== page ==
They assert that the best way to save education is to hand it over to private management and let the market sort out the winners and the losers. They wish to substitute private choices for the public’s responsibility to provide good schools for all children. They lack any understanding of the crucial role of public schools in a democracy.
The central premise of this movement is that our public schools are in decline. But this is not true. The public schools are working very well for most students. Contrary to popular myth, the scores on the no-stakes federal tests— the National Assessment of Educational Progress (NAEP) — are at an all-time high for students who are white, black, Hispanic, and Asian. Graduation rates are also at an all-time high.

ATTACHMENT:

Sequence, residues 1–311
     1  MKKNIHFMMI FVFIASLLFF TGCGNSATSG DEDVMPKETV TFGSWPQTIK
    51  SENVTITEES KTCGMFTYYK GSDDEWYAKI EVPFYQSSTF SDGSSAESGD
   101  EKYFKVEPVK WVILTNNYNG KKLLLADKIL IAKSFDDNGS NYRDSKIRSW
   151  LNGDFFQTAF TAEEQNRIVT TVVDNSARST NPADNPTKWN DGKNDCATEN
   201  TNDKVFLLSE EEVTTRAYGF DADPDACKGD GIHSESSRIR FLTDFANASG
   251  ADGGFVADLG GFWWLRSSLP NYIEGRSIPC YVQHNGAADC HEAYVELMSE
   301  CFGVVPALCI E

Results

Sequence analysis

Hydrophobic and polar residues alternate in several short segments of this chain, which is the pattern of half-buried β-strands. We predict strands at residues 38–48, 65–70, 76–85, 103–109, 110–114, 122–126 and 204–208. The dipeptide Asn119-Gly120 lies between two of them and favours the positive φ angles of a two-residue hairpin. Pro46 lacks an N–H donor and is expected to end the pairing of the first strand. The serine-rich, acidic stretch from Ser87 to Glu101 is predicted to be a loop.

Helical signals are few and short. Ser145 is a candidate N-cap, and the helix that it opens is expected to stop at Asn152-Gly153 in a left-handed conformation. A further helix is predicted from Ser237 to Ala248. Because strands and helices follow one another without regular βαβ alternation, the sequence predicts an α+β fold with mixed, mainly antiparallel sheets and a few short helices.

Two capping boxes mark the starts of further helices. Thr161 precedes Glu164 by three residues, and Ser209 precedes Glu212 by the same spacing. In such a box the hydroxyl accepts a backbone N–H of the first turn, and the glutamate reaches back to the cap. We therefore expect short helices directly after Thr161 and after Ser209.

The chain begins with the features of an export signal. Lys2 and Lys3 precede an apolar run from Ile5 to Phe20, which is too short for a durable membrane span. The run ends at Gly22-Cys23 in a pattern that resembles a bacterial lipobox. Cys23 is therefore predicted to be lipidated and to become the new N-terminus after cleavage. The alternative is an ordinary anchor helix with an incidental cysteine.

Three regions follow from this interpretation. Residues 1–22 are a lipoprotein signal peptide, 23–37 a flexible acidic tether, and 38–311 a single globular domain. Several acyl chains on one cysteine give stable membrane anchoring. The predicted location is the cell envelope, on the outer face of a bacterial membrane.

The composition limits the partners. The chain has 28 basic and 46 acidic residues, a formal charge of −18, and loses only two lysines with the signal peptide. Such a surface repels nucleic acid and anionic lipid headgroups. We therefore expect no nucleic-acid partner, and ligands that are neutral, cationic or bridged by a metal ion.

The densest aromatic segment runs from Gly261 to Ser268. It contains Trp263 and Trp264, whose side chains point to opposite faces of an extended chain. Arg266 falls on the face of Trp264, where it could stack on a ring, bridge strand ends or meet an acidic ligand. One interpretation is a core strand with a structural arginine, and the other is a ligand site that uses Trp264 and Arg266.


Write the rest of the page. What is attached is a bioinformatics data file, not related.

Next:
More young people than ever are entering college. Even more would go to college if the costs were not so high.
Of course some schools and districts have very low test scores and low graduation rates, and this has always been true. Most of these schools and districts have two features in common: poverty and high concentrations of racial minorities. The combination of these two factors is associated with low test scores. Children whose parents are poor and have low educational attainment tend to have lower test scores.
Children who are poor receive less medical attention and less nutrition and experience more stress, disruption, and crises in their lives. These factors have an ongoing and profound effect on academic performance.
That is why poor children need even more stability, more support, smaller class sizes, and more attention from their teachers and others in their schools, but often receive far less, due to underfunding.
Unfortunately, many people are unwilling to address the root causes of poor school outcomes, because doing so is either too politically difficult or too costly.